Descent of the Cows & Aletsch Glacier

The Swiss have all sorts of random festivals and fetes that, to an outsider, are kind of strange. I guess all countries have things like this, though, and since we’re here we might as well partake, if it’s harmless. The village of St. Cergue, just outside of Geneva, had one of these seemingly innocent festivals this past weekend called “The Descent of the Cows” (actually that’s how I translated it, and considering my French is still pretty much awful it’s possible the correct translation is something like “the celebration of the awesome animal that is the Swiss cow as it descends from the heavenly pastures of the Alps”…but I digress.)

This festival is kind of funny, really. Basically the idea is that the cows are coming in from the mountains due to the fact the weather is getting colder. Makes sense so far, right? So the shepherds bring them in, and walk them through town to lower pastures. Simple. And, Swiss cows are really freakin’ awesome. So let’s make it a celebration! However, because it’s a celebration, it seems more fun to dress the cows up with giant bells, and put flowers on their heads. The more flowers, the more dominant the cow, or something to that end. No, I’m not making this up.

The thing is, in Switzerland, flowers are really expensive. Like, you can buy something cool, like a Wii, for the price of a bouquet. Don’t ask me why, but that’s just the way it is – you should probably blame globalization if you have a problem with it. Put this with the fact that Swiss farmers probably don’t make a lot of money, because in general that’s the plight of farmers across the world, and instead of flowers on the cows, you find cows adorned with plastic Christmas trees and paper flowers tied all over them.

Poor cows. They clearly deserve more than this. But they do get to spend a lot of time in the mountains during the summer, so I don’t feel too bad for them.

That said, the festival was kind of fun, at least in so much as it was a beautiful day and we got to go visit a cute Swiss village. They even served Malakoffs, which are these little Swiss delicacies of deep-fried cheese with spices – yum!

Outside of the cow descent, it turned out that on Sunday the weather was still pretty good, so I broke out a last-minute plan to get one final hike in before Autumn rears its ugly head. While we’ve had a couple of hikes here and there, and even had a somewhat intense one last weekend, I still feel we haven’t done enough hiking this year. As a result, I dragged Sophia, bad ankle and all, out to the Aletsch glacier, to see yet another UNESCO heritage site and one of the largest glaciers in Europe.

Now, you might be asking, “how did you get Sophia to go hiking if she has a bad ankle?” Well, the answer is simple: I bribed her with food. I agreed to let her order Chinese food tonight if she came along. Also, I took her to the Japanese store yesterday to buy yellow radishes so that she could make kim-bap, a sort of Korean sushi, that we took on the trail with us. Pretty good hiking food actually.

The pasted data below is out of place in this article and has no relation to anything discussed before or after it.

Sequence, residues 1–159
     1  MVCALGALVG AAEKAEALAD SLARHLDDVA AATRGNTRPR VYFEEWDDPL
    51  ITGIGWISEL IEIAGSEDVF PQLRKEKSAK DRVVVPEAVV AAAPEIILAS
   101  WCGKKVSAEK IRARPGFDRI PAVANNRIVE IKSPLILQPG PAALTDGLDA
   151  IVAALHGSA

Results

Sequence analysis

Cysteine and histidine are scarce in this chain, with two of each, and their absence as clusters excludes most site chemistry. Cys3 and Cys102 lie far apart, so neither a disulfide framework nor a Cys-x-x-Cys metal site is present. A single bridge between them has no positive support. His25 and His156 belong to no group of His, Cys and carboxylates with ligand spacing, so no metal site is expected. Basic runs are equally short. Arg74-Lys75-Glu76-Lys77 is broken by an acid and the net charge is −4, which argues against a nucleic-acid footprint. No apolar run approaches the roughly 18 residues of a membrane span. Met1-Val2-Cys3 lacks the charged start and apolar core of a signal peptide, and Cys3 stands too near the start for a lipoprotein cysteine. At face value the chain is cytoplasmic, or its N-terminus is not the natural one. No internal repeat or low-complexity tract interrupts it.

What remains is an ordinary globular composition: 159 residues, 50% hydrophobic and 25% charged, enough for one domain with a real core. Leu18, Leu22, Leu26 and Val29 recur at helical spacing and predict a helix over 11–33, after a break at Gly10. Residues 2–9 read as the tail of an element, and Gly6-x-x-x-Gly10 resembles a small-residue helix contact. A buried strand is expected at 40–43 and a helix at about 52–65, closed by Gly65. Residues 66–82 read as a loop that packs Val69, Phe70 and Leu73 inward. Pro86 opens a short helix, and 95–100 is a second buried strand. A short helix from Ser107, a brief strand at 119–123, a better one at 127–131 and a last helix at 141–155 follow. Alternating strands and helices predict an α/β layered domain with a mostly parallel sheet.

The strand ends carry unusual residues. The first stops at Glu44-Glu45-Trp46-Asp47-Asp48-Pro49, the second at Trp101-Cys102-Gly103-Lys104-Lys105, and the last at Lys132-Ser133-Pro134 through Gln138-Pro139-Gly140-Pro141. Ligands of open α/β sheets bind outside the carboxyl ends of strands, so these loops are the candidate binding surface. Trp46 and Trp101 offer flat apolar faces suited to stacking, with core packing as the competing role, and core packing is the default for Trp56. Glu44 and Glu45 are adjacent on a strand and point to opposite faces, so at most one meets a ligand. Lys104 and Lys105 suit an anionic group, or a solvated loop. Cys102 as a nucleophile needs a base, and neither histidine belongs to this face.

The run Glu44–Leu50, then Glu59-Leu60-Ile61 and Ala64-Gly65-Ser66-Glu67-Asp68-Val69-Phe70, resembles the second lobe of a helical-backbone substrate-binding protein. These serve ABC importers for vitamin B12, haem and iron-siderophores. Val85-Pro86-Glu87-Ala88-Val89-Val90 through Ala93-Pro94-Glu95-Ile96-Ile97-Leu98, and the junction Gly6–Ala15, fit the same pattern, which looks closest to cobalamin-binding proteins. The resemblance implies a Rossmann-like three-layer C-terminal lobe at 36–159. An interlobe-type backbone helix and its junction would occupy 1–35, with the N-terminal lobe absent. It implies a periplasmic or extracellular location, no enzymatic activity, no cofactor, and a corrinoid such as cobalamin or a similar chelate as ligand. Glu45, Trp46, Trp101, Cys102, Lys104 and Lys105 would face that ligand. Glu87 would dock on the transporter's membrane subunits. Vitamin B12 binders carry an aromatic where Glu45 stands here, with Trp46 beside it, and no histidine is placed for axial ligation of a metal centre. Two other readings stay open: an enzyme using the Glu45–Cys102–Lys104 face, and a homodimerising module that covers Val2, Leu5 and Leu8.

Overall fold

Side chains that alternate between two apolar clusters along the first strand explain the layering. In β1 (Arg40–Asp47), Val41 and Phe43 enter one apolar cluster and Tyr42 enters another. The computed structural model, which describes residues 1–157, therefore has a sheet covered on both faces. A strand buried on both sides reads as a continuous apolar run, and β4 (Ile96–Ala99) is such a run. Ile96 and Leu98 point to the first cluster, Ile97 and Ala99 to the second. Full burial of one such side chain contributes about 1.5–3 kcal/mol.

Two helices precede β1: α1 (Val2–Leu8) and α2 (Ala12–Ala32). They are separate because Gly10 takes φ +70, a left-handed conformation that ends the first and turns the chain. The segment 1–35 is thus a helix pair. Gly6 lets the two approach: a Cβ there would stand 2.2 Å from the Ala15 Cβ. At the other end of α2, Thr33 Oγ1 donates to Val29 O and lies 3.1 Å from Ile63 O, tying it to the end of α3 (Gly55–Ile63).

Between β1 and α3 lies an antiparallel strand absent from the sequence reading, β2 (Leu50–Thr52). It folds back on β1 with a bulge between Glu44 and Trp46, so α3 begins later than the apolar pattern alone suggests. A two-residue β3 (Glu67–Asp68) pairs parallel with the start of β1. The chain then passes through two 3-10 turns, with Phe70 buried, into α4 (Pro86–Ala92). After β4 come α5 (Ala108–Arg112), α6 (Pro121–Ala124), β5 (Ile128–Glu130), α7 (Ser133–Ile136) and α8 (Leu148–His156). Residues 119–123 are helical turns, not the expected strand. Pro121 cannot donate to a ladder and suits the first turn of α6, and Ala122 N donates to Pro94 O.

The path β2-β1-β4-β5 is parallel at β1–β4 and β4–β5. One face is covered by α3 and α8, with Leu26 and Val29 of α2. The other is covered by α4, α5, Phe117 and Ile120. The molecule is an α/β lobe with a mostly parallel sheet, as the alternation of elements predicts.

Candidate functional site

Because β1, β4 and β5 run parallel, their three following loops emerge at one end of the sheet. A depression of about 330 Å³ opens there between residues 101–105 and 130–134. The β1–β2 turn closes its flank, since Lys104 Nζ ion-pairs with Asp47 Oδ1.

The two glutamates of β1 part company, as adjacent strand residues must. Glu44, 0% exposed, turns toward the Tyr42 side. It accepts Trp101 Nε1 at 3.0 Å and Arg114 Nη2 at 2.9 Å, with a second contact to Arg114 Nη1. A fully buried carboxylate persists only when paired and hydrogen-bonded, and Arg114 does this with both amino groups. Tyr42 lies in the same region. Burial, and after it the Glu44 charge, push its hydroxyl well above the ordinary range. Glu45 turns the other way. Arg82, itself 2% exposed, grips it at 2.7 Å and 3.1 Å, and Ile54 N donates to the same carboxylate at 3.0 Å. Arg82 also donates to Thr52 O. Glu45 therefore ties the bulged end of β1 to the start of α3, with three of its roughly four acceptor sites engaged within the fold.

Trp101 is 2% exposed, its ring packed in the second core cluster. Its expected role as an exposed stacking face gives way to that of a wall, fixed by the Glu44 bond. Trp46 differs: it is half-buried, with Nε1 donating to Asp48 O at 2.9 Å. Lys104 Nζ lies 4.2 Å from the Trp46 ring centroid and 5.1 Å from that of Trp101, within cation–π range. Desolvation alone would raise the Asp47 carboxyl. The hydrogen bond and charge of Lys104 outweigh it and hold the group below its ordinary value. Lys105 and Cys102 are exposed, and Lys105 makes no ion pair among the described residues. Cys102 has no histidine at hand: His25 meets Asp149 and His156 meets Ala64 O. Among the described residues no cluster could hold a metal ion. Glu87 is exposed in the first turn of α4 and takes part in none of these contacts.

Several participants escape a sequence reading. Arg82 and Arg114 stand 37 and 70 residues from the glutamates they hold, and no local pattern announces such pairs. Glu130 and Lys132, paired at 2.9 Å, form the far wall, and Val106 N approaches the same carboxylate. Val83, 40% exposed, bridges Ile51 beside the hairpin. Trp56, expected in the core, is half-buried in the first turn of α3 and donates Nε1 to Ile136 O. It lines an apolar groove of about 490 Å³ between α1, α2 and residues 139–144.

The only real problem with this hike is that it’s a fairly long distance from Geneva, just on the borderline of being a viable daytrip. As such, we were forced to wake up on Sunday morning at the ungodly hour of 7:00 am, only to realize that the sun hadn’t yet risen. It’s just a matter of weeks now before I have zero hours of daylight outside of working hours, meaning there’s yet another reason to get out of town on the weekend. Once on the train, we were treated to a sunrise over Lake Geneva and the Alpine peaks we were heading to, so that made it kind of worthwhile right there.

The actual mountain we started with is the Bettenhorn. Passing through a couple of cute Swiss mountain towns to get there, you’re greeted at the top of the gondola with the Aletsch Glacier, a massive block of ice sitting up in the mountains. This glacier stretches a long, long way – something ridiculous like 5 miles – and resembles an eight-lane freeway for gigantic automobiles. It’s a pretty amazing sight, as it’s essentially in the middle of some of the major Alpine peaks, and therefore is just this giant sea of ice between bare, rocky mountains.

The hike itself runs right along the glacier for quite awhile. Eventually you turn away and go up past a little man-made lake, but at that point the best of the hike is over. There is, however, a giant zombie tunnel cut into the mountains, which we took even though it was kind of weird going through this dark, dank tunnel rather than walking around in the open air. We’re getting old, though, so we figured we didn’t need to push ourselves more than necessary, and it cut a good half-hour off of the less scenic portion of the hike. I mean, it still would have been scenic, but the part we had already hiked for a few hours was more scenic, so I didn’t feel guilty about taking the shortcut. Normally I would, but I think shortcuts are part of this thing I’m learning called “maturity” and “wisdom”.

All in all, the Aletsch Glacier is a great daytrip to an area that doesn’t get too many non-Swiss tourists. Glad we got to sneak this hike in before the weather turned, and I can rest much more easily as a result!

Next weekend: Paris!